Cooking Knives for Kids

Updated July 20, 2017

Kids love helping out in the kitchen, and it's a great way to spend family time together. Teach them proper kitchen safety for an enjoyable kitchen experience. This means demonstrating the proper way to use utensils like knives. Knives are probably the most important kitchen utensil and potentially the most dangerous, so always remember to cook with your child and supervise any knife use.

Smaller Children

Small children should never use real knives. Instead, they can use plastic knives. These knives work well for tasks like spreading peanut butter or cream cheese for snacks, and will cut foods like lettuce, cheese and fruits like bananas and strawberries. Once they progress, you can have them start using a butter knife.

Knife Safety

When your children are ready to use real knives, make sure they always work on a cutting board. Use a large board to allow for more space. Knives should be sharp because dull knives can lead to accidents. Children also need to learn how to properly hold a knife with the fingers of their dominant hand securely gripping the knife handle and the fingers of their other hand curled under as they hold the food.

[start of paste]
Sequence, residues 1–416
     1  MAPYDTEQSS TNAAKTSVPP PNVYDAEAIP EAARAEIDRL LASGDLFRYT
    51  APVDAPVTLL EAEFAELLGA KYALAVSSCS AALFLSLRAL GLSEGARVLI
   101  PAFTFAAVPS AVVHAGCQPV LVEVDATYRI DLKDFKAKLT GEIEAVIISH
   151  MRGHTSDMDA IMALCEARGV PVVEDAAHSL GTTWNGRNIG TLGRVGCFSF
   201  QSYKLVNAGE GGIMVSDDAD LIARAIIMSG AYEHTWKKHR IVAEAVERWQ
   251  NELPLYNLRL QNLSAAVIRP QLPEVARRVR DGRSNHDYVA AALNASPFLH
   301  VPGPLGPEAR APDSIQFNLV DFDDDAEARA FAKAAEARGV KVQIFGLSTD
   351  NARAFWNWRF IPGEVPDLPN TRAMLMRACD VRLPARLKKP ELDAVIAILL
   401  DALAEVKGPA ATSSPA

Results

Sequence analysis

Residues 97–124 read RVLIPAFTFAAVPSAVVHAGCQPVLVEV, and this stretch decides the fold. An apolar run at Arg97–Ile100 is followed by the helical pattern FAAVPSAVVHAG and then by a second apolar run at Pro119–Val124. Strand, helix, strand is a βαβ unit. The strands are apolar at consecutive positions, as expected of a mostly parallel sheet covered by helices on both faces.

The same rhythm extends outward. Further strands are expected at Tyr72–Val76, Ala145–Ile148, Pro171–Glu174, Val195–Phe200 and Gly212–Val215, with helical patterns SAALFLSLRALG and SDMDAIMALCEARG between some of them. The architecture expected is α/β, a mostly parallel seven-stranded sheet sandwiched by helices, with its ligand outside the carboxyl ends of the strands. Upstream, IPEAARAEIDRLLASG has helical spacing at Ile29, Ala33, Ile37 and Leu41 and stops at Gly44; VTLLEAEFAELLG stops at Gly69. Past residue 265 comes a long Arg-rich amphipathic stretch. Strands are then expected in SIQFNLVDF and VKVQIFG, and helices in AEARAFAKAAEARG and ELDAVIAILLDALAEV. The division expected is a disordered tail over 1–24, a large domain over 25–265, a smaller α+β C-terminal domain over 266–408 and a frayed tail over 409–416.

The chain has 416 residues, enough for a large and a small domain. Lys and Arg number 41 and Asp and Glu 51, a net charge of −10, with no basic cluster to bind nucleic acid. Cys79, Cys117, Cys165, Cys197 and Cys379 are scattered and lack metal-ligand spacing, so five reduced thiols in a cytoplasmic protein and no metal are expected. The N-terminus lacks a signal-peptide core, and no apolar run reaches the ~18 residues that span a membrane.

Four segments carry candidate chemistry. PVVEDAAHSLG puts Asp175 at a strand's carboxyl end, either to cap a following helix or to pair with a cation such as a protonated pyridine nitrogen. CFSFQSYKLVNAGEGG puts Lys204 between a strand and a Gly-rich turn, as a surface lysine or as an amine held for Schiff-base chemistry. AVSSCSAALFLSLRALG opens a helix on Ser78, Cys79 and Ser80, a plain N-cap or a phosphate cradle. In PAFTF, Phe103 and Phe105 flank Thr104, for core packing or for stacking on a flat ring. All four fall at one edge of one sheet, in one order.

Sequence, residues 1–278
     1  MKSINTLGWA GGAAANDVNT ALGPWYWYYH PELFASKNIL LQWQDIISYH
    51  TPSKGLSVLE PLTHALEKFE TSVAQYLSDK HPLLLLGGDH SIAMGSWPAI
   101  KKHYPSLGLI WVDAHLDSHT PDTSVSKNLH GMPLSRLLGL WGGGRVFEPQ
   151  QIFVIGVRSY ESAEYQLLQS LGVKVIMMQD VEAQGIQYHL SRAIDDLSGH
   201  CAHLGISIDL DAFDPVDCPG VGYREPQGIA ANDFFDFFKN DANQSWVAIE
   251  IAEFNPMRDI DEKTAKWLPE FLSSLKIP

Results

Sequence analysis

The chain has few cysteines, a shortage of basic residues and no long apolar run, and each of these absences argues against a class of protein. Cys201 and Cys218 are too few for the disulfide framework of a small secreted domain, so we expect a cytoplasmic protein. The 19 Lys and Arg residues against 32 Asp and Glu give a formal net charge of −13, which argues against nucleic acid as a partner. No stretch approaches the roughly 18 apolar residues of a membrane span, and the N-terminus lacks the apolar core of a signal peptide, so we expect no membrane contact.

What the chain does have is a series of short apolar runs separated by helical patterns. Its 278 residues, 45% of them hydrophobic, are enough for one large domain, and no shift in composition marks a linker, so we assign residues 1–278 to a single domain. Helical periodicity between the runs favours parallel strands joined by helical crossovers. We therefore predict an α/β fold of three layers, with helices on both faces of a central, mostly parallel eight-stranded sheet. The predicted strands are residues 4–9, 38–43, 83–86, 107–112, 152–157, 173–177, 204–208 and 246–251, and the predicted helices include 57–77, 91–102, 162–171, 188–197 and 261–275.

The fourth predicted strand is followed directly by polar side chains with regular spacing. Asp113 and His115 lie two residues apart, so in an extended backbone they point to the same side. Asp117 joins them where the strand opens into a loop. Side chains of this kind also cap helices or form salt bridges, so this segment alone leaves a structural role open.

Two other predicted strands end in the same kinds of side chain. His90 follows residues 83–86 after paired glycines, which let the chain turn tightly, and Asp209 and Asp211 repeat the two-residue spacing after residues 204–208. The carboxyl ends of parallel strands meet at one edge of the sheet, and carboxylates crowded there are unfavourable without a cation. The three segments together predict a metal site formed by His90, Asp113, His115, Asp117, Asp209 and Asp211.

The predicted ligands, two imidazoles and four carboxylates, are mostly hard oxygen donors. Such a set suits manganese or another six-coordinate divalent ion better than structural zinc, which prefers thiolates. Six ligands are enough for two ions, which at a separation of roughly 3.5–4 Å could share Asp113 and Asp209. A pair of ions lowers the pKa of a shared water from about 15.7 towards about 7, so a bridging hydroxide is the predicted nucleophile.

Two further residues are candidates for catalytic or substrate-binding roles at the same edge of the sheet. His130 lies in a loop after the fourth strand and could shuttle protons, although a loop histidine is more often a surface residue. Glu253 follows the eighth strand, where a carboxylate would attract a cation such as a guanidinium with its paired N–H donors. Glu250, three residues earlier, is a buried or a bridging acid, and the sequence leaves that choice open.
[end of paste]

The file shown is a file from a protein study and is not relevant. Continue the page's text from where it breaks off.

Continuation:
Knife Tips

Teach your child to always cut away from his body, and that the dull part of the knife should face him and the sharp part should face away. Make sure your child is careful when carrying a knife; it should always point down. Tell your child, or help him, to always wash and put away knives after using them. Knives left on a countertop or in the sink can cut someone who does not realise they are there.

Knife Sets

Curious Chef and other companies make plastic knife sets specifically designed for children. The knives feature serrated cutting edges and have ergonomic handles and soft touch button grips. The knives typically are available in different sizes.

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About the Author

Wayne Loewe is a veteran journalist who has worked as city editor of The Advocate in Stamford, Conn., and helped launch a financial web site that was a victim of the Internet bubble. He most recently worked as the trials editor for Court TV.